NEPA Rollback in Alaska

Why it threatens Alaskans’ “coexistence” for communities and the natural world

On January 9th, 2020, President Trump announced plans to roll back the nation’s bedrock environmental legislation—The National Environmental Policy Act (NEPA).  It passed in 1970 by overwhelming bipartisan support in U.S. Congress and was signed into law by a Republican president.

NEPA is a national policy created to "encourage productive and enjoyable harmony between man and his environment; ...promote efforts which will prevent or eliminate damage to the environment and biosphere and stimulate the health and welfare of man." In Alaska, this law has given voices to local communities and national stakeholders. The future of our public lands and resources will be shaped by the implementation of these short-sighted recommendations. Here are a few ways these proposed changes will impact current Audubon priorities in Alaska:

Tongass National Forest

Clearcut logging in the Tongass.
Clearcut logging in the Tongass. Photo: John Schoen

The Trump administration is already trying to circumvent NEPA for timber sales in old-growth forests on the Tongass. The proposed changes to NEPA will make it easier for the Forest Service to reduce or eliminate public input for actions such as the Prince of Wales Landscape Level Analysis, which cuts the public out of decision-making processes and incorrectly requires logging to be valued over recreation, wilderness, wildlife, fish and habitat protections.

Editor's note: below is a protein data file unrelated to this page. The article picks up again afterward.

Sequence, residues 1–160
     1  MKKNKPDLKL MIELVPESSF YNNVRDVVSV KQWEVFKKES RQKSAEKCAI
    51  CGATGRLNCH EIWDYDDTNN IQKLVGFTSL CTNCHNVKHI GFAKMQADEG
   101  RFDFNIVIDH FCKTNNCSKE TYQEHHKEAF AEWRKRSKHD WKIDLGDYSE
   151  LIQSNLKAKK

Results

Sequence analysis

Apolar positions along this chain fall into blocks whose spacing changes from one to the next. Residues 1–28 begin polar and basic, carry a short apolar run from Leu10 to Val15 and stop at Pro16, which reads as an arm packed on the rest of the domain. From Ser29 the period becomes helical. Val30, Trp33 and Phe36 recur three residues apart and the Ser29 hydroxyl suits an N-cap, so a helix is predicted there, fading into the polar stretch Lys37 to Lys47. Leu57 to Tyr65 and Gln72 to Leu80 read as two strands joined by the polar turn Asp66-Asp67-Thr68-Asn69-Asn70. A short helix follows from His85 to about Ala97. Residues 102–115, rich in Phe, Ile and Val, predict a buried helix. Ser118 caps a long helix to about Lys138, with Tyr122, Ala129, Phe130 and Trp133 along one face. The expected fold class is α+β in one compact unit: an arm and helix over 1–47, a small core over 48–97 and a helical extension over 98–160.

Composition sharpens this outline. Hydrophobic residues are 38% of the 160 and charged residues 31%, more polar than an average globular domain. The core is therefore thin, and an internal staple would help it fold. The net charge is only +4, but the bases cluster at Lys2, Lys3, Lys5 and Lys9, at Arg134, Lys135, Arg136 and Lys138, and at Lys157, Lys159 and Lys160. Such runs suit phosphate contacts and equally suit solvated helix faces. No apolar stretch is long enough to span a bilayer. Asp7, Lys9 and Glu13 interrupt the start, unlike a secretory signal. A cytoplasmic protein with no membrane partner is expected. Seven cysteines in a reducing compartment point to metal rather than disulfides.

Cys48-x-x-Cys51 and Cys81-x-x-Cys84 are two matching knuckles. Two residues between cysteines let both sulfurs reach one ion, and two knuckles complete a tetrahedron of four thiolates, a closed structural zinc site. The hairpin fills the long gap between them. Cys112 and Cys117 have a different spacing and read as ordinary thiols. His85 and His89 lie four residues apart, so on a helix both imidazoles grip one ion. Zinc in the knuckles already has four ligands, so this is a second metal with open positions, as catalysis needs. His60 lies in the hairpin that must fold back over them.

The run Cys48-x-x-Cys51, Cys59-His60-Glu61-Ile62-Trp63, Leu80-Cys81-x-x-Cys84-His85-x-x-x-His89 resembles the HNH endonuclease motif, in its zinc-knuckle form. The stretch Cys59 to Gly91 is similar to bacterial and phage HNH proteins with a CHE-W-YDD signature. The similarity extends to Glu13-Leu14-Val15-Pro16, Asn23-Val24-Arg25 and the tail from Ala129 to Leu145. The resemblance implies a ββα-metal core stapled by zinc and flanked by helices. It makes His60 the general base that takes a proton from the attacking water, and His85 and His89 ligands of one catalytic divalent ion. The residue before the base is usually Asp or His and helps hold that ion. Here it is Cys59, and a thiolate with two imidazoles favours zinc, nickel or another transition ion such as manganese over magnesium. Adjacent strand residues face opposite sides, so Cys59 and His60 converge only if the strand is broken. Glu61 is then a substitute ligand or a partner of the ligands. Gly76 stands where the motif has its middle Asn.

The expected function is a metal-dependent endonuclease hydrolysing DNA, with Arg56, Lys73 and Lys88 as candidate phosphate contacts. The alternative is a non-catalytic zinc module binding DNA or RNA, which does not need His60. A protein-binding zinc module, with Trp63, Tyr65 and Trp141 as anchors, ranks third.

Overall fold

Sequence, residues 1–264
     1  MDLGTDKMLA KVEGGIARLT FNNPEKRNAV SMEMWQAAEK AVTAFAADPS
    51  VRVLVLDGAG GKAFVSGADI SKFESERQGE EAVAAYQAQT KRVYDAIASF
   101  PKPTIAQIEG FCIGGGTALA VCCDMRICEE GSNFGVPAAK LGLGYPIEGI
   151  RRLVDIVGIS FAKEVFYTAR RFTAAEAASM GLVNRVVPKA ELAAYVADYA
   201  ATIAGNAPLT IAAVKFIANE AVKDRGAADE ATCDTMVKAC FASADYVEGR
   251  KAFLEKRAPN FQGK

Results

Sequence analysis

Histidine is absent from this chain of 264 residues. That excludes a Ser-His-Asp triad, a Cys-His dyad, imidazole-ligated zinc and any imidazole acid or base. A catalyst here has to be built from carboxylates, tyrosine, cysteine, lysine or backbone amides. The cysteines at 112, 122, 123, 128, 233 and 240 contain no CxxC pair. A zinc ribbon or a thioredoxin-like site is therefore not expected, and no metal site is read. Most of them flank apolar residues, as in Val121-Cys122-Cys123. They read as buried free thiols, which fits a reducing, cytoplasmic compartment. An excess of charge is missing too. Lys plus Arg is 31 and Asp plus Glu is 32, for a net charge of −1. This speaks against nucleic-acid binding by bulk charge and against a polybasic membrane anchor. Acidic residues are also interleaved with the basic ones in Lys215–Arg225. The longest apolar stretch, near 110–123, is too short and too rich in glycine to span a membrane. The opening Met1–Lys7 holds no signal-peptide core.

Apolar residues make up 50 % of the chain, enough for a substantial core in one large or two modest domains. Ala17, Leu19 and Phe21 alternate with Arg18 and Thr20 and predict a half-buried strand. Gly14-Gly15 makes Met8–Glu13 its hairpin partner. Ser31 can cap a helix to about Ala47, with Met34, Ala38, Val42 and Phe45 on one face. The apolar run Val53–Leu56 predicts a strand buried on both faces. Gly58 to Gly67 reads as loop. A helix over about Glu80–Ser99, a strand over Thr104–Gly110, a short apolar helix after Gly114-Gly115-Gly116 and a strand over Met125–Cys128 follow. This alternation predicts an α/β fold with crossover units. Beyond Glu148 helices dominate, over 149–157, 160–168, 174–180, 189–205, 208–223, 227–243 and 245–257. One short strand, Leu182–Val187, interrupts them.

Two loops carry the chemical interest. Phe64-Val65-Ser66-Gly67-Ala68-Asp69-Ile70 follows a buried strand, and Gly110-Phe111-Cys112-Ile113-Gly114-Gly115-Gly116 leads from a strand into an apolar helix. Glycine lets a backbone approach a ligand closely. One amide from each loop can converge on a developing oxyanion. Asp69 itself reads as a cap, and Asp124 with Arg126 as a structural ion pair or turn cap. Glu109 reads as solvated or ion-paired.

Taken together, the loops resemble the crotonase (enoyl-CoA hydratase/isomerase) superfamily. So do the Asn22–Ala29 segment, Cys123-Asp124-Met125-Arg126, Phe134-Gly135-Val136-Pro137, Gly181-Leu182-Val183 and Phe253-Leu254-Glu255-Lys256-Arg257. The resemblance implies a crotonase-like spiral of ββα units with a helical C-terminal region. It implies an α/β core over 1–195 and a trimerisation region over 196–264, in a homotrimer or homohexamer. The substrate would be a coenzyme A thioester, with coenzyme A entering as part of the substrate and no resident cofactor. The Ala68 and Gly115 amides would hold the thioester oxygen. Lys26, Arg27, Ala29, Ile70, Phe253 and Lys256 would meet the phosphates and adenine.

Mining on BLM lands 

Brooks Range Development
Brooks Range Development. Photo: From documentary, Paving Tundra.

Even though NEPA prevents the BLM from allowing large-scale mining projects without public input, Indigenous Peoples across Alaska have not been properly consulted on proposed mining project on public lands. Recent actions by the BLM would open 63 million acres of public lands to mining and other development activities without proper consultation with Tribes within these regions. The Trump administration’s NEPA rollbacks would most likely end consultation with Tribes across Alaska, limiting or eliminating the voices of Alaska’s Indigenous Peoples. It will also eliminate the need for the public to be involved in deciding the largest public land giveaway in the country.

Climate Change impacts and oil and gas drilling in the Arctic 

Thermokarst in Arctic National Wildlife Refuge.
Thermokarst in Arctic National Wildlife Refuge. Photo: Rebecca Sentner

The proposed NEPA rollback will weaken the requirement of federal agencies to review climate change impacts under “cumulative impacts” and reduce the federal government’s ability to build climate-resilient communities and infrastructure. NEPA required BLM to acknowledge the impacts of climate change in the Environmental Impact Statement for the Arctic Refuge Coastal Plain; “Many species that nest in the Arctic Refuge Coastal Plain already are experiencing decreasing populations, and many could suffer catastrophic consequences from the effects of global climate change.” In the Arctic, climate change is a reality that will be ignored without NEPA’s guidelines to enforce thoughtful consideration for the region’s federal lands future.

What can we do?

Audubon’s Alaska program will be tracking this issue and its impacts on Alaskan communities and ecosystems. The current proposed changes to NEPA are available for public comment for 60 days and public hearings will take place.

How you can help, right now